The shock of Vuerink’s miss set up a moment of suspense, as Gormley herself strolled out with the ball, placed it on the penalty spot, and waited for her shot to end it.
Gormley’s shot was true, and as it swerved past Sulzer to the inside of the net, the Maroons erupted in ecstasy, swarming together to celebrate their hard-fought passage to the Sweet Sixteen. To emerge victorious from this encounter was not only an exorcism of last season’s disappointment, but also validation for their late-season run, which helped propel them into the playoffs.
“This was a win for everybody on our team,” Gormley said. “It was a huge effort...probably the greatest moment of the season so far.”
If Saturday’s stalemate with Calvin resulted from monumental defensive efforts and clutch goalkeeping, Friday’s first-round match against Wittenberg showcased Chicago’s effective and versatile offense, as the Maroons put up four goals against a team with 11 prior shutouts.
Speed proved to be decisive in the opening minutes, with the attack centered around fourth-year forward Olivia Ndyabagye. Within the first 20 minutes, she had put a shot just over the bar, pinged the ball off the post, had a one-on-one chance saved by fourth-year goalkeeper Jordan Bamberger, and flicked a pass across the mouth of the goal, looking for an assist.
Despite these early overtures, the Maroons’ breakthrough eventually came from a familiar pair of names. At the 23:09 mark, second-year midfielder Claire Denz won a footrace down the right wing, took the ball to the byline, and crossed it in past the keeper, where fourth-year midfielder Siggy Nachtergaele was waiting to tuck it away for a 1–0 lead.
Chicago continued their siege of Wittenberg’s defense, outshooting the Tigers 9–3 in the first half and doubling their lead in the 41st minute as a corner kick caused a scrum inside the Wittenberg box, where second-year forward Sarah Loh finally knocked in a rebound for her third goal of the season and a 2–0 lead.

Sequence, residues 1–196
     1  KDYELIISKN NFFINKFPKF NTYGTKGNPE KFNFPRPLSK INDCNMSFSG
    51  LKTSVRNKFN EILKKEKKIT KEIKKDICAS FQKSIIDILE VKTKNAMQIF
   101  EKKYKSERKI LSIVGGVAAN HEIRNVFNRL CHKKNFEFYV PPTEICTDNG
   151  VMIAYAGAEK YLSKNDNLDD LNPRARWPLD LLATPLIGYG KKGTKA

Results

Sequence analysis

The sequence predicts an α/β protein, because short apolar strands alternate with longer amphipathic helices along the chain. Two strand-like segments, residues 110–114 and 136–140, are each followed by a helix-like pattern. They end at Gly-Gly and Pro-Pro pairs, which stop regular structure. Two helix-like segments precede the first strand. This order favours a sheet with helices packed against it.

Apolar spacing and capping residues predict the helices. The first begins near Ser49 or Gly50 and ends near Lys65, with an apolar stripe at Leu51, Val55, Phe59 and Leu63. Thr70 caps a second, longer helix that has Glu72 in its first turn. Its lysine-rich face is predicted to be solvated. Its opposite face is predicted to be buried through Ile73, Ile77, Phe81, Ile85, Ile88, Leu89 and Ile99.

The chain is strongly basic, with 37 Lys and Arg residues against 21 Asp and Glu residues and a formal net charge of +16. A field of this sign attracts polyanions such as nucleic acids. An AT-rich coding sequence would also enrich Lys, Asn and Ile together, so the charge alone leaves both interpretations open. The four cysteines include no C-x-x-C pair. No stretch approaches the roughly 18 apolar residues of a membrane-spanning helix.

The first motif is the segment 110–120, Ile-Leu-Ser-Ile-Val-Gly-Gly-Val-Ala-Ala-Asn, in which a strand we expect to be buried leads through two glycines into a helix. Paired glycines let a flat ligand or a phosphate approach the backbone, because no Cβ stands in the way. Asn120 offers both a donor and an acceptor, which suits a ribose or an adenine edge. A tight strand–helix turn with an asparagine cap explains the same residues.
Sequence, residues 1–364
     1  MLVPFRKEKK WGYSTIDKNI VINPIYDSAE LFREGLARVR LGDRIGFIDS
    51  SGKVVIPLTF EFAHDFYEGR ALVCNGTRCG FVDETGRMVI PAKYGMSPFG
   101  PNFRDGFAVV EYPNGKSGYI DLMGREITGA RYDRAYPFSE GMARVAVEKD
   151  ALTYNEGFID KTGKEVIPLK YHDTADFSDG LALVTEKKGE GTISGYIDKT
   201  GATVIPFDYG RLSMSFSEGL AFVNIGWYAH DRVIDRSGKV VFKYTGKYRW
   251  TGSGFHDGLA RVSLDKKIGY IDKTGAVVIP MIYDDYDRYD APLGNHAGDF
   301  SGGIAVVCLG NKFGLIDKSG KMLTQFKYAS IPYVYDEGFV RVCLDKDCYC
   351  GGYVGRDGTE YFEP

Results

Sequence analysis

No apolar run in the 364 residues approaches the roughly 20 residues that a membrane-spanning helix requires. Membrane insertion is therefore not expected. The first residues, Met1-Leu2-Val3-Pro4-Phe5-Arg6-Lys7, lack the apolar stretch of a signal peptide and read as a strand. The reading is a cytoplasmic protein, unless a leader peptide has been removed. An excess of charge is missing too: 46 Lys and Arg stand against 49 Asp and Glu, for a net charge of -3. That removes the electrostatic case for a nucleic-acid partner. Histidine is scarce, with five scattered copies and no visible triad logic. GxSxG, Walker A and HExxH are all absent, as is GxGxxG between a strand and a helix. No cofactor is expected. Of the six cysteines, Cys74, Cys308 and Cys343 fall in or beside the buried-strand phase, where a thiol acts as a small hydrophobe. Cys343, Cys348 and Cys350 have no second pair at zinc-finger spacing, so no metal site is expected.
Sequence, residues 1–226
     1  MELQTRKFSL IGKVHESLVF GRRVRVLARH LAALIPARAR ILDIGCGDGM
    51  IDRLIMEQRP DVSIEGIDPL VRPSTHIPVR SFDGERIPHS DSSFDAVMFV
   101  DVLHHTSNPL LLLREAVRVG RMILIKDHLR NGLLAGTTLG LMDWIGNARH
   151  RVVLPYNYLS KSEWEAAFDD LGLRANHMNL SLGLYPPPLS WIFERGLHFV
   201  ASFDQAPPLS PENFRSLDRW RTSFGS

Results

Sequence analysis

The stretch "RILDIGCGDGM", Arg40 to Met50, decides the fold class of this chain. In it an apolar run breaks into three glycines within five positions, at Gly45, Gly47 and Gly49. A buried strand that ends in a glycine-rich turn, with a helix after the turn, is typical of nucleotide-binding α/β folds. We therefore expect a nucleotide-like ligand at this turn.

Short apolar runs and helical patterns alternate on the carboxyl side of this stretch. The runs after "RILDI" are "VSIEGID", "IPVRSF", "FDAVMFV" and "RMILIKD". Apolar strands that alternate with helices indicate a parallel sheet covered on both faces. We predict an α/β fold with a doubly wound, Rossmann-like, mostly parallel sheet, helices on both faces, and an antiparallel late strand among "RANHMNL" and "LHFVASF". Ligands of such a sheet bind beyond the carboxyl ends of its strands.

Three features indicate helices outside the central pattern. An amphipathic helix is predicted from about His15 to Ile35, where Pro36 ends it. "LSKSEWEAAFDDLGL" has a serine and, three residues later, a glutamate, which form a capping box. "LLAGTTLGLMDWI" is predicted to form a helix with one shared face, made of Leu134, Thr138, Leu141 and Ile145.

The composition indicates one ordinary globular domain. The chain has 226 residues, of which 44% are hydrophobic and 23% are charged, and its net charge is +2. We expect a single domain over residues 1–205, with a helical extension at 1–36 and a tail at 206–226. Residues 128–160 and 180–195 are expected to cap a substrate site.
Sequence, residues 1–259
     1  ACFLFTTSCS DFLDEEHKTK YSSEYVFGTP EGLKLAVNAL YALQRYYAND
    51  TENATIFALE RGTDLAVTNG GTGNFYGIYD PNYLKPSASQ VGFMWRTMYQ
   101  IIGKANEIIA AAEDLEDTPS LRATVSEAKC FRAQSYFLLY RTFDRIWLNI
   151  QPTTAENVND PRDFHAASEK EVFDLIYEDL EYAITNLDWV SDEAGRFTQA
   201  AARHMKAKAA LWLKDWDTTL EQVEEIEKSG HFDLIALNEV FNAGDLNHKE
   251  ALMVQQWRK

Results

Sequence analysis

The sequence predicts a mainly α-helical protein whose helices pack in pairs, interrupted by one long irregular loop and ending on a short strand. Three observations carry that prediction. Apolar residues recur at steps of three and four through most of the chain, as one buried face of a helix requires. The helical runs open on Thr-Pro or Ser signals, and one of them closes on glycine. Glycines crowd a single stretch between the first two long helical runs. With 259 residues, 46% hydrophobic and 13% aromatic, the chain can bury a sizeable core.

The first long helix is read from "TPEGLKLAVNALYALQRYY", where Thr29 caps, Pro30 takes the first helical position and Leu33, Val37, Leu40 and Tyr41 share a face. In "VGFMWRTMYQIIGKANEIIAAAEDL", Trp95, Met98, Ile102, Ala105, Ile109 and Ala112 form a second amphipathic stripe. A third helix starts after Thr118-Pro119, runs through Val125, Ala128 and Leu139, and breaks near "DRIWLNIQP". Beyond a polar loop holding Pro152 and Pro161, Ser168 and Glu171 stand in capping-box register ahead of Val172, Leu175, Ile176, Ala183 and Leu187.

Although Wittenberg came out of the break with a fourth defender, the Maroons added to their lead within 10 minutes of the restart. On a transition play, Nachtergaele released third-year forward Brooke Bontz with a long, weighted pass; all Bontz had to do was chip the ball over Bamberger to widen the lead to 3–0.
Bolstered by the three-goal lead, Reifert rested the bulk of her starting roster, mindful of the tight scheduling that would force the team to play another full game the next day.
It was two substitutes who combined for the Maroons’ fourth goal, when second-year midfielder Marcella DeLaurentiis crossed the ball in for first-year forward Haleigh Stopa, who struck home from close range, garnering first career points for both herself and DeLaurentiis.
In Chicago’s eight-game unbeaten stretch, they’ve outscored their opponents 15–3, and the back five has recorded five shutouts, currently running on a streak of three.
“We are covering each other and have complete confidence in each other’s abilities,” Scherer said. “We are finally hitting our full stride when it really matters. We stepped it up when we needed to and have kept us in games to allow our offense the opportunity to score. It’s definitely a complete team effort.”
The Maroons continue their quest Saturday against second-ranked Messiah, who broke Chicago hearts in the 2005 Final Four. Messiah provides not only a compelling grudge match but also a 20–0–2 record and a 105–8 goal differential, a high hurdle in Chicago’s run for the championship.